Tuesday, November 24, 2009
Spending time with Sr. Regina
COLUMN: FIRST PERSON
By Shevlin Sebastian
Photo: Sr. Regina
Two weeks ago, a friend called and told me that, following Sr. Jesme, a second former nun, Sr. Regina, had broken her silence and spoken in public about the reasons why she left the nunnery ten years ago. I quickly called Regina up and did a brief telephonic interview. But I was curious to know more about her.
Last Saturday, as I wait at the entrance of Thrissur railway station, Regina drives down in a red Spark. Inside the air-conditioned car, Club FM is playing at a high volume. “I love listening to melodious songs,” she says.
From the station we go to the Ramadas theatre where ‘Pazhassi Raja’ is showing. Regina is a professor of history at St. Aloysius College, and at her urging around 40 students had come to see this historical film. Regina goes to the reservation counter and arranges tickets for all. Thereafter, we go to her two-bedroom apartment at Unity Enclave.
It is neat and spacious, and, as expected, there is a statue of Jesus Christ, placed on a circular stand, at one corner of the living room. Soon, we start conversing.
Regina tells me the decision to leave the convent ten years ago was a right one. “I feel free and happy now,” she says. “I can live life the way I want to.”
This is also one reason why she has not got married. “I did not want to exchange a mother provincial for a husband,” she says. “In Kerala, husbands are too dominating, and only want obedient, docile wives. I am not like that.”
Indeed, Regina gives an impression of being a strong personality. She is 5’8” tall, wears earrings and a necklace, and can easily dominate a room.
“To leave the nunnery, I had the advantage of having a job, but you also need mental strength,” she says. “It is not easy to go against the wishes of family and society.”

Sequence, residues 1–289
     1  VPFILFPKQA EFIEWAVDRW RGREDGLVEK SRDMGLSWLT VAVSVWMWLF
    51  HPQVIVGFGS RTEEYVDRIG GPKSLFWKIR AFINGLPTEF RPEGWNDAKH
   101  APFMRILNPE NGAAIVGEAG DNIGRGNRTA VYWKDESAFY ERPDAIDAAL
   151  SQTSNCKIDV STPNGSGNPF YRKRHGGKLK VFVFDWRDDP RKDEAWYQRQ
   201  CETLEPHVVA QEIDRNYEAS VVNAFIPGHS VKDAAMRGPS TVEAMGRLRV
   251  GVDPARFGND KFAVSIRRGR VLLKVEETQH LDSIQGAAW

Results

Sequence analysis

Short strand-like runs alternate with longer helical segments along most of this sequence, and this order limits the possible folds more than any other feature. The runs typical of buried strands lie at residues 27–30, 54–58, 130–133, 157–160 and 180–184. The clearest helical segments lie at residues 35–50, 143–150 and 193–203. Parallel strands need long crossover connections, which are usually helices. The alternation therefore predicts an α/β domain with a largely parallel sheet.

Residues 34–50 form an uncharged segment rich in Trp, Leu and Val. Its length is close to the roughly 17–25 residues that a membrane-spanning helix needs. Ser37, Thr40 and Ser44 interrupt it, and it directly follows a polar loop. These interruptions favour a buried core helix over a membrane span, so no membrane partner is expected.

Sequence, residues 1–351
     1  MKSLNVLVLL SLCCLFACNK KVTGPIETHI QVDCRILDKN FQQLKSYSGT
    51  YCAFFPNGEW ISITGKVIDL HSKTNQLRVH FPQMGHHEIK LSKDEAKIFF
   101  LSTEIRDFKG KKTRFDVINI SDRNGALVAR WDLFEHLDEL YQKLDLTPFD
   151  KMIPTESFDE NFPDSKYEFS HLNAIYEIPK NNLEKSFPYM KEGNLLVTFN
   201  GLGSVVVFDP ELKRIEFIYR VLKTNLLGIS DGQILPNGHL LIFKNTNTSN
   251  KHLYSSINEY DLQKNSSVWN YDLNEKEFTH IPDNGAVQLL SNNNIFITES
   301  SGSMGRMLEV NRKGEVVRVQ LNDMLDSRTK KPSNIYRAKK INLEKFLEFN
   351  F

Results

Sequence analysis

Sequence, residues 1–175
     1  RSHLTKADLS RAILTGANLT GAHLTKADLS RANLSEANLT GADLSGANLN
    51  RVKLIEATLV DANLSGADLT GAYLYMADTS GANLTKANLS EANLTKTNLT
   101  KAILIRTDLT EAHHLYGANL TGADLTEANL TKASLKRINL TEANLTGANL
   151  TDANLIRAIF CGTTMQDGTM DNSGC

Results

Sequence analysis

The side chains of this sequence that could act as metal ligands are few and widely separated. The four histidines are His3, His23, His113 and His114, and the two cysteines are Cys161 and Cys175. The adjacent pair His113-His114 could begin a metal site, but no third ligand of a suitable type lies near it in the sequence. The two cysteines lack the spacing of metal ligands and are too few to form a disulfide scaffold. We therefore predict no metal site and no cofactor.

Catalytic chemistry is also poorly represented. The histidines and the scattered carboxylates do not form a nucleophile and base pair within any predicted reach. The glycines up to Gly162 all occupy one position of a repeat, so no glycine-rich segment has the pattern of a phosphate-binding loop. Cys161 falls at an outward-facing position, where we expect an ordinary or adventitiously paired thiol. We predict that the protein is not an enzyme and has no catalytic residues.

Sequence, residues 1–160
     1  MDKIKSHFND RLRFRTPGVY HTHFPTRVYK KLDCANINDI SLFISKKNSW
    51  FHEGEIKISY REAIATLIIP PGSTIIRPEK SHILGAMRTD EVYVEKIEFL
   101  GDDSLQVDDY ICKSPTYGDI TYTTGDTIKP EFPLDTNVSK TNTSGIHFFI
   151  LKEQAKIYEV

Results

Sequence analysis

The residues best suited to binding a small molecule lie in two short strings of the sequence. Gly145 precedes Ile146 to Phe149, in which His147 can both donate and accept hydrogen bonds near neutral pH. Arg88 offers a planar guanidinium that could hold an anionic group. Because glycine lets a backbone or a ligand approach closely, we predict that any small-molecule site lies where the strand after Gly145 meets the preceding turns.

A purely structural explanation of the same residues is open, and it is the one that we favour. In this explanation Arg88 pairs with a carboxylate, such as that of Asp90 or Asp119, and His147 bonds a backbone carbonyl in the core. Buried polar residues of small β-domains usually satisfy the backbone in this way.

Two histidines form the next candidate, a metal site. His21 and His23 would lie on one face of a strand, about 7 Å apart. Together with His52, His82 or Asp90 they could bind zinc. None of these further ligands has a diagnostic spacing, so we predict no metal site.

One of the reasons she spoke out after so long was because of the impact of Sr. Jesme. “My friends and colleagues told me it was time that I also stepped forward,” she says.
When the 'New Indian Express' published the report of Regina breaking her silence, there was a mixed reaction. Her elder brother, a priest, was upset. An elder sister said, “Why rake up the past now?” But colleagues and friends expressed support.
Shaju, a former student wrote, “When you were teaching us, years ago, all of us felt that you were different, and your talents should not be restricted to the four walls of the convent. So, I am not surprised that you left.”
Regina has varied facets to her personality. She played a cameo as a driving teacher in Sathyan Anthikad’s ‘Innathe Chintha Vishayam’. “I got an opportunity to act and took it,” she says.
In a year, Regina, 54, will be retiring. And she is quite sure about what she is going to work on in future. “Women’s emancipation,” says the woman who set out into the unknown ten years ago and came up triumphant.
(The New Indian Express, Kerala)